I'm an open studies student — can I take ECON courses?

Yes — you're welcome to take ECON courses as an open studies student, though you may run into issues with prerequisites.

If you're unable to register yourself in a course and you'd like to use a course you've taken at another institution, please email us, and be sure to include the following information:

  • Your UCalgary student ID
  • A copy of your transcript showing your grade for the course(s) you'd like to use as a prerequisite
  • A copy of the syllabus of the course(s) you'd like to use as a prerequisite
  • A list of the courses you would like to be registered in, including the term 


Learn more about open studies or reach out to an open studies advisor

I'm in Haskayne and I'd like to take ECON courses, and maybe do a minor in or a combined degree in economics — what do I need to know?

A number of our students pursue combined degrees in economics and business — to find out exactly which courses you'll need to take, you should speak with the advisors in Haskayne and the advisors in the Arts Students' Centre

BComm students can also complete a minor in economics.

I'm currently in economics, but I'd like to transfer to business next year — what do I need to know?

There are 6 courses that students are required to take in order to be eligible to transfer into the BComm program — learn more here, or reach out to one of the advisors in Haskayne.

Don't forget to apply between October 1 and February 1 — you can do this through your Student Centre. For more information on how to make changes to your program, including switching degrees, check out this link.

Advising tip —

Economics students may pursue the minor in management and society, which is the only business program available to non-Haskayne students.

I'm thinking of taking a course at another institution, like Athabasca — can I do that?

This is a great question for the advisors in the Arts Students' Centre — they'll be the ones to actually grant you permission to study at another institution. 

If you'd like to discuss how an ECON course might transfer back, send us an email and we'll let you know.

Studying abroad

Submitted by Erin Booker on Mon, 08/27/2018 - 12:19pm

I'm a UCalgary student thinking of studying abroad — where do I start?

Your first step will be to explore the Study Abroad website, attend an info session or workshop, or speak with one of the advisors in the Study Abroad office. They’ll be able to walk you through the application process, tell you about deadlines, and answer questions you have about next steps and the experience of studying abroad.

Next, you’ll want to meet with advisors in the Arts Students’ Centre (and your home faculty, if you're doing a combined degree) to do what’s called a degree audit — basically, they’ll look at the courses you’ve completed and still need to complete, and will give you a sense of the kinds of courses you should think about taking on exchange.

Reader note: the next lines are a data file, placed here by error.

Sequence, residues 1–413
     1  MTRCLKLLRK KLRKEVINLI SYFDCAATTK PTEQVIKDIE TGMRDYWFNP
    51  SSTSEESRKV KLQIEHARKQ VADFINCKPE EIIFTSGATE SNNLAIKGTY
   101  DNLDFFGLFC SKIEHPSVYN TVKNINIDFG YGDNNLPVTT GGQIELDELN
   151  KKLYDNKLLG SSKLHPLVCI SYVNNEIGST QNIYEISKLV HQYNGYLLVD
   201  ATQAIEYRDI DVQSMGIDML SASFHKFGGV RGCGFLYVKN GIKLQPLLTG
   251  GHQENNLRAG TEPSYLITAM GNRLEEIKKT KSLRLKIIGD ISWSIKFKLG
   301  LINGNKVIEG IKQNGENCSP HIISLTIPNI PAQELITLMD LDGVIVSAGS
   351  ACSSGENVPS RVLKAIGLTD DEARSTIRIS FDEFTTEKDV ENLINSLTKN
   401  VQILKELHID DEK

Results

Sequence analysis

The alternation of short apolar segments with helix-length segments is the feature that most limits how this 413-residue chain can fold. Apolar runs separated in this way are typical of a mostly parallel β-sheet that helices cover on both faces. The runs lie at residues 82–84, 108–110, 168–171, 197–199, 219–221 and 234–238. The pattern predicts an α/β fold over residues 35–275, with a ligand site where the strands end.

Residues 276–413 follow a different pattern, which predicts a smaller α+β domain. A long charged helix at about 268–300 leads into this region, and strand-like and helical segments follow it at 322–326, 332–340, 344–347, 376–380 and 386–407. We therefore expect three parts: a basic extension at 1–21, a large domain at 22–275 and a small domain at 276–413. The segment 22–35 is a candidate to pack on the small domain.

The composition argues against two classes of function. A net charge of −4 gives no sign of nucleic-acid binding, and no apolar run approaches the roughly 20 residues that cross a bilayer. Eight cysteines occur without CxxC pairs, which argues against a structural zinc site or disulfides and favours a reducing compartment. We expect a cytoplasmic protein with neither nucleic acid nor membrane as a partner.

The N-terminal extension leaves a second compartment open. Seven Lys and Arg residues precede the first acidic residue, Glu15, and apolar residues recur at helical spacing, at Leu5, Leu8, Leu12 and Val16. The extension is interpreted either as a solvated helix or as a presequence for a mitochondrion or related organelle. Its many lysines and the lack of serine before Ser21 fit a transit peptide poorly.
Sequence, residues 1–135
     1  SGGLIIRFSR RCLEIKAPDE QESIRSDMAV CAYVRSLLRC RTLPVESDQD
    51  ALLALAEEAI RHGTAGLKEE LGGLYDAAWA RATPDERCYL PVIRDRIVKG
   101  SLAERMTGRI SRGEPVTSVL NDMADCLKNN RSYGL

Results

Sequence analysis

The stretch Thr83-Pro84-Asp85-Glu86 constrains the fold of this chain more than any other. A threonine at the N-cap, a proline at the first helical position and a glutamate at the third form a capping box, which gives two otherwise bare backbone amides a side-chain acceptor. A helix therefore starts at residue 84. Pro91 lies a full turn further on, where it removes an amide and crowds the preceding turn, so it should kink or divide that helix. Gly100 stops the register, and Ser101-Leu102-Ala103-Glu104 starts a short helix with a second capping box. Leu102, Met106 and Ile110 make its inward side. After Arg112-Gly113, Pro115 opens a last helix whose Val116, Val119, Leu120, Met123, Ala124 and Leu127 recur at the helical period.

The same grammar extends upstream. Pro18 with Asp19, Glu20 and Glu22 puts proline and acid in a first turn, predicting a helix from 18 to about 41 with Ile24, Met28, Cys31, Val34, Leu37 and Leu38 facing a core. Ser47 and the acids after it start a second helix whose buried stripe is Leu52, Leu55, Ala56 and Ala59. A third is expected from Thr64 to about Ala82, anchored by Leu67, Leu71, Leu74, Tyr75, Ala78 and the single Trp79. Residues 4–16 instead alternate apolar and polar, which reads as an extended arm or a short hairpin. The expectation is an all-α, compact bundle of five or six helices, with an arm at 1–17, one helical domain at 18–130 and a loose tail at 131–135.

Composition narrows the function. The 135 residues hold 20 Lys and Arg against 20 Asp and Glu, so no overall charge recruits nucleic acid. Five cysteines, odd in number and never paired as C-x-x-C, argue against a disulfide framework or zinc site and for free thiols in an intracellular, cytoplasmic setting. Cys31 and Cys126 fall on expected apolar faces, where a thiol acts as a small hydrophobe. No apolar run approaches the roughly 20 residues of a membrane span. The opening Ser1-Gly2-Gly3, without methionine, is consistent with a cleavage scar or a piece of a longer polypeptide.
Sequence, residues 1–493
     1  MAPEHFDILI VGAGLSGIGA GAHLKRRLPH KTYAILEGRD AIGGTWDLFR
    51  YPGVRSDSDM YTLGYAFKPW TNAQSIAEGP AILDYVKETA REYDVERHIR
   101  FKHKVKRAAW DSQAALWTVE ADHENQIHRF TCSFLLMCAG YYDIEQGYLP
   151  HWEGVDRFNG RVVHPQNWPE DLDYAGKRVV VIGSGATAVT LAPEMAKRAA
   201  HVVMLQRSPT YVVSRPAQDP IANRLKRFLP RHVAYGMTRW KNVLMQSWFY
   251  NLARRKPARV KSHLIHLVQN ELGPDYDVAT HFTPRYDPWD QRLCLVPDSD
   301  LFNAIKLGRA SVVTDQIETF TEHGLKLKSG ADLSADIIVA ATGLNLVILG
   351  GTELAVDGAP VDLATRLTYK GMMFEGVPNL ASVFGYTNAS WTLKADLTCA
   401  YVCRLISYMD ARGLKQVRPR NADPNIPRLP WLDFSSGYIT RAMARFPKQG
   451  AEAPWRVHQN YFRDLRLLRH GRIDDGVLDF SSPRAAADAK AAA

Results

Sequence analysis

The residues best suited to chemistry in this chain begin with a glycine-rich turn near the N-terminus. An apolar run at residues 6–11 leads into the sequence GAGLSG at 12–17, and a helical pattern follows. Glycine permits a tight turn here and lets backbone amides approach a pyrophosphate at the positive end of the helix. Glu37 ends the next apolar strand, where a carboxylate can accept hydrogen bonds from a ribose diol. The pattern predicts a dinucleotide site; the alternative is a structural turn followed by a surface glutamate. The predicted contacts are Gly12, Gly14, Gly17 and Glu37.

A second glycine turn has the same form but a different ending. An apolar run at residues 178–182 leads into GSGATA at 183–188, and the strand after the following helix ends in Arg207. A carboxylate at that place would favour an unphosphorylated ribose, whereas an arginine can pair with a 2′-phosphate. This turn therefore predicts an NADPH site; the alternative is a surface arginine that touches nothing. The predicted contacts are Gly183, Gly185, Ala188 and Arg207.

Once you’ve been accepted to a host university, it’ll be time to start selecting courses. At that point, you’ll send us the syllabi for the courses you'd like to take on exchange, and we'll let you know how they’ll transfer back. Send us an email and be sure to include the following:

  • Your student number
  • All of the syllabi for the courses you'd like to take — be sure that they include prerequisites and the textbook that will be used. You can send us the most recent syllabi that are available — if you can't find outlines for the term you'll be on exchange, we can review the most recent that have been published.

Keep in mind that prerequisites are essential — if you're wanting to complete a few of your ECON options courses while studying abroad, you'll want to be sure that the courses have at least the equivalents of ECON 201 and 203 as prerequisites.

Completing upper-level ECON requirements while on exchange is trickier, as we're quite strict about the rigor necessary to satisfy these requirements. When in doubt, it's best to check in with us to be sure.

I'm a UCalgary student who studied abroard — now I'm home, and I think one of my courses didn't transfer properly.

When your transcript comes back to us from your host institution, Admissions will assign transfer credit for the courses you've completed.

If you think you should have been assigned different transfer credit for the ECON courses you took abroad, you're welcome to request that we re-assess the course for transfer credit. Please send us an email with the following information:

  • Your UCalgary student number
  • A PDF copy of your transcript from your host institution